Simplifying Large CoffeeScript Project Builds With Cake
command for production compilation and deployment… you’re ready for a slice of Cake!
Now you’re ready to enjoy some Cake with your Coffee!
Note: npm just turned 1.0 and the
-g flag tells npm to install CoffeeScript globally, so it is available across your projects and system. You can read more about it on the node blog post.
A Taste of Cake
In addition to being a logical progression of the classic
rake build system names,
cake borrows some familiar concepts from those systems. A
Cakefile defines tasks that
cake can perform, written in essentially a tiny CoffeeScript DSL.
That means that all of CoffeeScript’s lovely syntax is available for use. Additionally, since
cake depends on
node, you have all of the power of
node’s API and libraries at your finger tips. That’s kind of a big deal.
Organizing a CoffeeScript Project
Since I like test-driven development, I have some general project organization patterns that I like to follow. Here’s a simple example:
Cakefile /production /coffee-script intro.coffee MyGreatClass.coffee outro.coffee /js /test /coffee-script MyGreatClassSpec.coffee /js
Note the implied ordering of the production CoffeeScript files. Logically, the contents of
intro.coffee should precede
CoffeeScript has a
-j [FILE] command line switch that lets you easily concatenate file names in order into a single,
FILE.coffee. However, if we’re reading a directory asynchronously in node, even if our
*.coffee files are explicitly named to fall into proper order, there is no guarantee that they will be returned in that order.
If you notice tasks or file reads occurring in a seemingly random order, this asynchronous behavior is most likely the culprit. Of course, there are methods to enforce specific ordering of events that I’ll discuss below.
In order to guarantee the proper ordering of our application’s component files, we need to establish an array of those file names, iterate over them and concatenate each file’s contents. To give you an idea of how I currently like to set up my Cakefile, here’s what I’d call the preamble, the portion before I define any tasks.
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Like any node application, I require a few modules first. Then I simply assign a few values for project-specific directory layout,
coffee options for test and production code, and finally the aforementioned array of CoffeeScript files I’d like concatenated in a particular order. Now let’s take a look at a task that concatenates and builds our production CoffeeScript.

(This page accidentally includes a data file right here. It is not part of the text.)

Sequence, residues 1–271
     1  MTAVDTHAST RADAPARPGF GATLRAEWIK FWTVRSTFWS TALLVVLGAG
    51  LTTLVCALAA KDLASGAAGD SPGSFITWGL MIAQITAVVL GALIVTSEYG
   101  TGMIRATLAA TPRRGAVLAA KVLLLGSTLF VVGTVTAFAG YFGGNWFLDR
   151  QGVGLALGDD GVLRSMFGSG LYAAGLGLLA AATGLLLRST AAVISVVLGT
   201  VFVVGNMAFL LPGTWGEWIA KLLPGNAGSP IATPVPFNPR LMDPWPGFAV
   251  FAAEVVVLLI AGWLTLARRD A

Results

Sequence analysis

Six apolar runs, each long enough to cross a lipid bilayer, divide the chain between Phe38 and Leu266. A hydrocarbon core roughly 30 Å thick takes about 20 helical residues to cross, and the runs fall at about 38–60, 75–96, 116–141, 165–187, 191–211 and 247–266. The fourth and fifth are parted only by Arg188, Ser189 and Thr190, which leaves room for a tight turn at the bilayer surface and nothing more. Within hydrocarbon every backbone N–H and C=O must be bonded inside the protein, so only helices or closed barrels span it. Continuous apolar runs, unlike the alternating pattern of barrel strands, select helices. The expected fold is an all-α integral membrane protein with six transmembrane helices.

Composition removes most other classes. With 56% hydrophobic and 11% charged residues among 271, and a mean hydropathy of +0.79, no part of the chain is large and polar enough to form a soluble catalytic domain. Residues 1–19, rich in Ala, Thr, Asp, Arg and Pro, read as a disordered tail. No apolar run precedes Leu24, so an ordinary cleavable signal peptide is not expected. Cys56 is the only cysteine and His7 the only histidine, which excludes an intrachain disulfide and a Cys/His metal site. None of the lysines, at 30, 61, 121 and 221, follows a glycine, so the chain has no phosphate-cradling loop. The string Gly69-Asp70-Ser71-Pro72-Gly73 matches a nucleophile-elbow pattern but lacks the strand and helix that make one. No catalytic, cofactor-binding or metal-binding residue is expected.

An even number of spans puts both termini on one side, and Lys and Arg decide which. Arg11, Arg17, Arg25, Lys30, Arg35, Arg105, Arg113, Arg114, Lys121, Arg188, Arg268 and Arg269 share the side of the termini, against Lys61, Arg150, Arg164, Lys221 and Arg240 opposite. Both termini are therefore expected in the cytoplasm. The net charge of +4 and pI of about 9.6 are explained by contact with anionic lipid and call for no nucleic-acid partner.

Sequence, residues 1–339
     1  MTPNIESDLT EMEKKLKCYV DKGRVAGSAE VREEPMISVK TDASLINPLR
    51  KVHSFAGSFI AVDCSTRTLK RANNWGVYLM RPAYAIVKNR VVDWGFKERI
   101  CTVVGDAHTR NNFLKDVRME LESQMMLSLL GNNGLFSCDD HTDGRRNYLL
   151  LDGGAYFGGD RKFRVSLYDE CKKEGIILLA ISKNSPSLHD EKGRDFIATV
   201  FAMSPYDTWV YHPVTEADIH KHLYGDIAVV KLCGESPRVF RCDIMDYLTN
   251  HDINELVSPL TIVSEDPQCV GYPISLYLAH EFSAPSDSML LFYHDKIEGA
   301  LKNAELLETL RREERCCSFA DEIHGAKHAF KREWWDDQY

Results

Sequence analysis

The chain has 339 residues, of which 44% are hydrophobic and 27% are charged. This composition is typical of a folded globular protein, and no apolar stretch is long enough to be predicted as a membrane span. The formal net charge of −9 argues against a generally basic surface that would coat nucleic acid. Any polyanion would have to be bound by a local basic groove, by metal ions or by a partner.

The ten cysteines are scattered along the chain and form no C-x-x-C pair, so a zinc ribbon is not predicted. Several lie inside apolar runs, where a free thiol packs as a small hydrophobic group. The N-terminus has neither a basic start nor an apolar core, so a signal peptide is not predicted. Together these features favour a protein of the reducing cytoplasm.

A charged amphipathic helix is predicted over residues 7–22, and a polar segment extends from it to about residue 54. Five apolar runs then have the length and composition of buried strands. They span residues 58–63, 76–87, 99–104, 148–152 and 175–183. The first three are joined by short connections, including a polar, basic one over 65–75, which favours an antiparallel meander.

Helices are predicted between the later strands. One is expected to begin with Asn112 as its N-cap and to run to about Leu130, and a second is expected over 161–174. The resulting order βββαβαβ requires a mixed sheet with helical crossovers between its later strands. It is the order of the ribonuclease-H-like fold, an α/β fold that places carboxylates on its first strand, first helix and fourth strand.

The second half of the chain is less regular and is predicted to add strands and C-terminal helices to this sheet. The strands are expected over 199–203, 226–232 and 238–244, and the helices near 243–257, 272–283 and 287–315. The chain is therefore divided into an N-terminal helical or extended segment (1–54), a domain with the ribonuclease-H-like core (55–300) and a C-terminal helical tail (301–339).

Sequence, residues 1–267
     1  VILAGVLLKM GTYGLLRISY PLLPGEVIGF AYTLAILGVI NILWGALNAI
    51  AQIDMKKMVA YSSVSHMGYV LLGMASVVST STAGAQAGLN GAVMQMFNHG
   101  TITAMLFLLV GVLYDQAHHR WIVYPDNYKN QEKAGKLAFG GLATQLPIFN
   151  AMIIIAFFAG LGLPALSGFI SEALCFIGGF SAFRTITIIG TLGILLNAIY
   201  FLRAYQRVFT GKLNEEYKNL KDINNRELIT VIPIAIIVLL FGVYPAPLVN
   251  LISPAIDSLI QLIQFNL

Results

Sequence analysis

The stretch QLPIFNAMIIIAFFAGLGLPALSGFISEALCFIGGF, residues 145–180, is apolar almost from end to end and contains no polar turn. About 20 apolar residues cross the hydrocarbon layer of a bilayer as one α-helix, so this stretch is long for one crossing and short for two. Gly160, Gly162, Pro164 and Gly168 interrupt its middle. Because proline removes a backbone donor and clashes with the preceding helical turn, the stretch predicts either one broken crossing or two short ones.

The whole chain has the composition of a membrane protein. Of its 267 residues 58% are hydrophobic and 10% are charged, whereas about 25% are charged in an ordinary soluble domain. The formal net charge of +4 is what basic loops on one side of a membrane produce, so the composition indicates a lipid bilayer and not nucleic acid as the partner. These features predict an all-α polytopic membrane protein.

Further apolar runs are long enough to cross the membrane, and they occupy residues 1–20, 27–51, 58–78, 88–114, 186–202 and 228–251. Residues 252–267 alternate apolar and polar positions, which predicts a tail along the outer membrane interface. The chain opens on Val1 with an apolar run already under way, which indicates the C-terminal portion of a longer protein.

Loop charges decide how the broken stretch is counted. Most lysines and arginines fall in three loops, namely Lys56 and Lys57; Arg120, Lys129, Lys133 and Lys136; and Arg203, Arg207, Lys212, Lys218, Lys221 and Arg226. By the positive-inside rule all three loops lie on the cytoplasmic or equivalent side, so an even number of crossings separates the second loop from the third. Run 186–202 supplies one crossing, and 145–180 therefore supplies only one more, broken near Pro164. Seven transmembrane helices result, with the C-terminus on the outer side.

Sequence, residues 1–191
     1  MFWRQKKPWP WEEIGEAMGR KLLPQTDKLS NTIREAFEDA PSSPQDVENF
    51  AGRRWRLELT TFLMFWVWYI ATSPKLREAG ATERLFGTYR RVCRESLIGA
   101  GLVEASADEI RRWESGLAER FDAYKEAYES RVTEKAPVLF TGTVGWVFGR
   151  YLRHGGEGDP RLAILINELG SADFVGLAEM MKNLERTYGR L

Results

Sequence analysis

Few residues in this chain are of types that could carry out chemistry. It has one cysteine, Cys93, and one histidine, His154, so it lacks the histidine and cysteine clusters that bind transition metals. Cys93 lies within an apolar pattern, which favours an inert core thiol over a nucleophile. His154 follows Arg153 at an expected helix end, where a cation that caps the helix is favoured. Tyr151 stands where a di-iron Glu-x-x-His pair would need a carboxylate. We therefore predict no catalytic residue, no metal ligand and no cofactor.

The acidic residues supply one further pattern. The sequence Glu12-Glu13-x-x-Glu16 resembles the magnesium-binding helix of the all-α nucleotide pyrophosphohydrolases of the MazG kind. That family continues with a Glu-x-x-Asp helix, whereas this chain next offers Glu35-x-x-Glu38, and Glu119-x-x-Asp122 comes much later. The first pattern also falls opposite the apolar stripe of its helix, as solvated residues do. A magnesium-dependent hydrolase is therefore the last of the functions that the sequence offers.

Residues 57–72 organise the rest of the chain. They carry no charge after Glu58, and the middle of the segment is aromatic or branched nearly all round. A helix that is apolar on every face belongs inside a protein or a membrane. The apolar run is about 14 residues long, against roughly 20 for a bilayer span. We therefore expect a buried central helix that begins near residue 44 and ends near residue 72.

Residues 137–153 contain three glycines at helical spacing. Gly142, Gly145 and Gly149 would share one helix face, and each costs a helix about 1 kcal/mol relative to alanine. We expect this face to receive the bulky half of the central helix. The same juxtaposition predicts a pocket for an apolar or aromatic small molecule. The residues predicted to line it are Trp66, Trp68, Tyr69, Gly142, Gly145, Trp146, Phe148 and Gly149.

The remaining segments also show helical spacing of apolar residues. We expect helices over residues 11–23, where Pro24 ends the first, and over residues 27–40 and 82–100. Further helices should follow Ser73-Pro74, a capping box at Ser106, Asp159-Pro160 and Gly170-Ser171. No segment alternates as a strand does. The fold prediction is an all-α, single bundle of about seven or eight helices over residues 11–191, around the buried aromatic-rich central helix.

Cakefile Build Task
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I won’t step through this code as it’s pretty easy to follow. I shamelessly lifted a few patterns from Jeremy’s Wiki and they have served my projects well. What you should take away from this
task is that to guarantee small component concatenation order in a large CoffeeScript project, you’ll need to specify that ordering in your Cakefile. It is not sufficient to hand node a directory which will
dir your project files in the correct order and expect them to be arranged and built that way!
For ease of development, the last task we’ll take a look at is a simple
cake watch task that will look for changes to our individual CoffeeScript files and invoke our
cake build task when it sees them. This is the task that makes developing your project in CoffeeScript extra pleasant.
Cakefile Watch Task
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Again, this is pretty simple CoffeeScript to follow. We’re making use of node’s watchFile
fs method to look for changes to all
*.coffee files in our production source directory. When modification times differ, we are invoking the
build task outlined above. With this task, you can fire up your command line and execute:
in your project’s root (where your
Cakefile should be!) and go on your way happily hacking CoffeeScript all day long.
A Piece of…
cake, even with the simplest Cakefile tasks, can help you organize and streamline your CoffeeScript workflow. I have tried to illustrate how
cake can help bring order to your growing CoffeeScript project in a sensible and lightweight manner. A half hour spent writing a
Cakefile and tweaking your project structure can mean a big return on time and effort as your project matures.
There isn’t a whole lot of documentation available detailing writing even simple Cakefile tasks at the moment and I hope I’ve helped to fill that gap a bit with this post. If you’d like to explore more in-depth examples I’d suggest cruising github for successful CoffeeScript projects and studying their Cakefiles. There’s also the brief annotated
cake source that can help shed some light onto this build system.
With the power of node’s API and the clarity of CoffeeScript’s syntax, you’ve got another great excuse to love
Sample Skeleton CoffeeScript & Cake Project
I’ve updated my earlier skeleton project for beginning JasmineBDD and CoffeeScript with some of the
cake tasks and ideas described in this post. Feel free to take a look, clone/fork/etc., try it out and enjoy! My project is available on github.
P.S. - Other Cakefile Task Ideas
- Integrate task success/failure messages with a local notification system (i.e. Growl). My example project illustrates this.
watchtask for a mini-CIT loop while you work.